Un Homme Charmant…

My dear friend Brian passed away yesterday.

I thought words would flow easily writing this, being a so-called wordsmith, but my fingers are stalling on the keyboard.

Brian Cobb has been such a part of my writing life, he has been a part of Darlington Press’s team and his passing will leave a hole that can never be filled.

Let me explain:

Once, eleven novels ago, I started writing a fan fiction which ultimately became a serious novel. I took Guy of Gisborne from the familiar and worn trope of Robin Hood and gave him an altered existence – what might have happened if his cards had been played differently. During that time, I met a Richard Armitage (TV’s Guy of Gisborne) fan via Facebook – Wendy Dixon, and via Wendy, met her close friend, French resident, Brian Cobb.

As the writing of The Gisborne Saga (a trilogy) progressed, Sir Guy travelled to France and on Facebook I may have been bemoaning the lack of 12th century detail when a knight in shining armour (and all who know Brian will know how he loved ‘Silly Statue’ poses) offered to be my French researcher. No charge, just for the fun of digging into history.

And so he began.

Like the most accomplished truffle hunter or the most acclaimed ‘nose’ of a perfumier or wine connoisseur, he sniffed out facts and settings all over France.

By the final in the trilogy, I needed to find a French Templar Commanderie and Brian and his wife Yveline located 12th century Saint Christoph’s near Toulon and which had been a private home for some time. Brian, in his charming way, inveigled a tour of the house from the housekeeper and sent me the most remarkable videos, notes and more. He became my five senses in France and knew instinctively what I would need, to be able to convey time and place. Soon, he would contact historians and people of note to find little snippets which I could seed into my narrative. It became evident he had a real forensic skill and I revelled in it.

Next, I began The Triptych Chronicle, with the first book set  in Byzantium, so Brian was able to take a well-earned break to follow his travelling and gourmand passions with Yveline and his friends. But by Book Two, I was back in France again and Brian went back to work. The story began in 1190 in a little village called La Fleche (which Brian found) but the bulk of Guillaume occurred in Lyon, Brian’s home, and the depth of detail kept coming.

He investigated traboules, the Cathedral, impressed upon me what Presque L’ile would have been like in the 12th century, found historians, detail of old feast days, and the vital information on Pierre Vaudès and so much more. Guillaume later won a prestigious award and I can say in all honesty that Brian is most likely the reason, as he gave me the foundation on which to build the story.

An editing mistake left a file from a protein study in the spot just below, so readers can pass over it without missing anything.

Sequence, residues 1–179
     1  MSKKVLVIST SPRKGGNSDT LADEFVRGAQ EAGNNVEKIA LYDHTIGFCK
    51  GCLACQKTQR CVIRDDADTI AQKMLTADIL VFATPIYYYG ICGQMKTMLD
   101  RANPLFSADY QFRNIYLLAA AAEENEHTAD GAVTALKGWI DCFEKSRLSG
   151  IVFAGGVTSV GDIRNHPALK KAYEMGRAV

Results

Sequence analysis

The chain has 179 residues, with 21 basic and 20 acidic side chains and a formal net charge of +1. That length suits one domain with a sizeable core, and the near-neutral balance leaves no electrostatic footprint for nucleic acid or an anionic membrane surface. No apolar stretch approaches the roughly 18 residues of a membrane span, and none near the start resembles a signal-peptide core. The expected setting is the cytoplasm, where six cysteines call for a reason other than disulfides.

After The Triptych Chronicle (three books) was finished, I went off-piste and wrote a contemporary fiction called Passage about a woman learning to live life again. Set on my own island, it felt strange not to have a little bit of France in the novel and so Annie gained a best friend, the wise and brutally honest Lisette, from Paris. Brian of course, needed to reshape my French expostulations in that novel and I even began to learn the odd word or two because he was not above correcting me in his warm and witty way! Interestingly, Passage has been nominated for an award and I like to think there’s a little bit of the Cobb magic there.

But like any good time-traveller, I returned to the 12th century and to France and began Reliquary. Last year, Brian took up his fact-finding skills again and began work. By this time, he was ill and I fretted that he needed to live his own life but he maintained this was all part of his holistic therapy and trucked on happily.

It was he and Yveline on a cep-gathering trip in the Forez (which was another location he found for me early on and which became the setting for a fatal boar hunt), who found the ruins of the little 12th century Prieuré d’Esteil for me, he who laid the ground work of the narrative and he who told me that Esteil is pronounced ‘Is-toy’.

And of course, he told me so much more…

Writing has now reached Rue Ducanivet in 12th century Lyon and I’m fortunate to have his notes, his stills and videos and to ‘hear’ him in my head in order to finish the book.

Brian and I have never met. He and Yveline were due to travel to Tasmania a couple of years ago to stay with us but it was put on hold and he was diagnosed with pancreatic cancer soon after. But to my husband and I, and I hope to he and Yveline, we actually knew each other well, despite electronically. One of those friendships to be held in high esteem.

That he left me such a large legacy will never be forgotten. That his fact-finding will live on through the infinite perpetuity of e-books is a given. That he can never be replaced is a surety.

My heaven but I’m grateful to Facebook and Wendy for introducing me to such ‘un homme charmant.’

 Here’s to you, Brian, mon ami!